We’re very much tied to the economy, and, of course, the big question mark is what happened a month ago [with the blackout]. Personally, I think that can have nothing but a positive effect for this market. I think the whole concept of stand-by generation and what you can use it for was expanded enormously just in that one instance, from life safety reasons to business opportunities. In a macro sense, people’s concept of stand-by generation has been greatly expanded. The hotel whose electric door locks didn’t work when the lights went out suddenly realized that those circuits need to be hooked into the stand-by generator, for example. So, all of a sudden, that company realizes that they need a bigger stand-by generator, and that’s going to drive some business—if not on the large market scale of power generation, at least on the stand-by and DG [distributed generation] level of power generation.
EL&P: How will the blackout and its aftermath impact the generation equipment market?
Ponce: The blackout in the Northeast was, as the President called it, “a wake-up call.” We expect that renewed attention will be given to our energy needs and the stability of our supply. The renewed attention should lead to proper studies, which will inevitably show a need to modernize the grid and to ensure reserve capacity is in place.
With respect to reserve capacity, each region will be cautious of depending on “far away power”; so, there will be a need to ensure each utility or region has local reserves. This should make evident a need for peaking fast start capacity as well as “close to the load center” and distributed generation.
Satterthwaite: I think the blackout will certainly be beneficial to stand-by generation—with a big “if.”
Right after the crisis, we here at Cummins received a number of requests. Many people started to plan. The problem is, if the economy doesn’t pick up, the guy writing the check for that stand-by generator thinks, “Now, wait a minute. The economy isn’t getting any better. Stand-by generation doesn’t bring me any revenue. It doesn’t reduce my costs. Why am I going to do this?”
So, unless the economy gets a little bit better, I don’t expect the blackout by itself to cause investment in stand-by generation to boom if the rest of the economy just sort of stays where it is. But, if the economy gets a bit better, we could get a multiplier effect. As people are investing and business is getting better, then they might think, “You’re right. We need to do something about that stand-by generator.”
But, I don’t think the blackout will have much of an impact in merchant and utility markets—unless it’s on the side of transmission and distribution investment.
EL&P: What big research and development (R&D) areas should generation equipment manufacturers be looking into and/or funding?
Ponce: We believe that we must continue to focus on environmentally-friendly technologies. The need to curtail emissions is a continuing mission. Wise use of our resources forces a need for continued improvement in equipment and plant efficiencies. Reliability is a must to prevent plant outages like the ones that played a role in the Northeast blackout. The leaders in R&D for these areas will undoubtedly be successful in being the supplier of preference. In addition, OEMs [original equipment manufacturers] like Mitsubishi, who have complete capability in scope (up to total turnkey supply) and technologies (gas turbines, steam turbines, boilers, SCRs, wind, diesel and more within one company) and who continue to develop advancements in all these areas, will be the key partners for our customers’ success as they develop their growth strategies and chose the options available to them.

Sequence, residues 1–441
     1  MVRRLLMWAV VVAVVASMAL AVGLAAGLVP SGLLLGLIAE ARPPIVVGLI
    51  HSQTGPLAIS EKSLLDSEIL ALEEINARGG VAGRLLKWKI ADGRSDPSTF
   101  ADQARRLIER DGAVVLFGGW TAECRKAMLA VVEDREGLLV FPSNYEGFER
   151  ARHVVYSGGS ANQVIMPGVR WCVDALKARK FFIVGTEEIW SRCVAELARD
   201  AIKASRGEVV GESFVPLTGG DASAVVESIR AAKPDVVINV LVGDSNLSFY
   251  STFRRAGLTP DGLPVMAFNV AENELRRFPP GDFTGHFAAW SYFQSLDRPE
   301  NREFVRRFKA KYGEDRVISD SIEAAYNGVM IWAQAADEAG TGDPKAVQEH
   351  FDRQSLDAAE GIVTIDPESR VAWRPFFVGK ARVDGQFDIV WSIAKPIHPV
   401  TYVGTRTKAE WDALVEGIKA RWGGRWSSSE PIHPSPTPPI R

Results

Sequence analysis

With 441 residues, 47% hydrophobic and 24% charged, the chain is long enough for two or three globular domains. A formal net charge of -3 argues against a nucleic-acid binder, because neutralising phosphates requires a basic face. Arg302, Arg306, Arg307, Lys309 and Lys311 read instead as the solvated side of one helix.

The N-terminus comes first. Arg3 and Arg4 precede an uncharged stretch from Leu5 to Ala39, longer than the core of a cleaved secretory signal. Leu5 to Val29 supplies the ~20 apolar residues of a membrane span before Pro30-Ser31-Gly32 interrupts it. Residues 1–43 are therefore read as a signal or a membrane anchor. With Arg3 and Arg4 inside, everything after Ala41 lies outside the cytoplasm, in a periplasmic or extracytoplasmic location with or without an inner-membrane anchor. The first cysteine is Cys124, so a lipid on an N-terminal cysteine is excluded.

Satterthwaite: There’s one thing that we look into and fund every year, and that’s emissions. Emissions is still a key issue and will remain a key issue.
Secondly, I think one of the big investments needs to be in a process that interconnects and manages over a network critical transmission, distribution, and distributed generation facilities—even to the level of the stand-by facility. To me, running the grid as a network, with more interconnection and more intelligence in the network than we have today is a huge potential area for R&D. How do we get generators online and offline quicker and easier—whether those are small generators or large? Smarter, quicker switches.
To me, the way we’re going to solve the big problem in our industry right now—the T&D problem—is through a combination of transmission and distribution investment and distributed generation. I think the smarter utilities are the ones figuring out how to make DG work for them and not viewing DG as “the enemy.” Instead, they are saying, “How do I put DG in place to help my distribution network, to help my transmission network, to help my customers?” And not just view it as the competition who is “stealing my customers,” which we have seen in some utilities.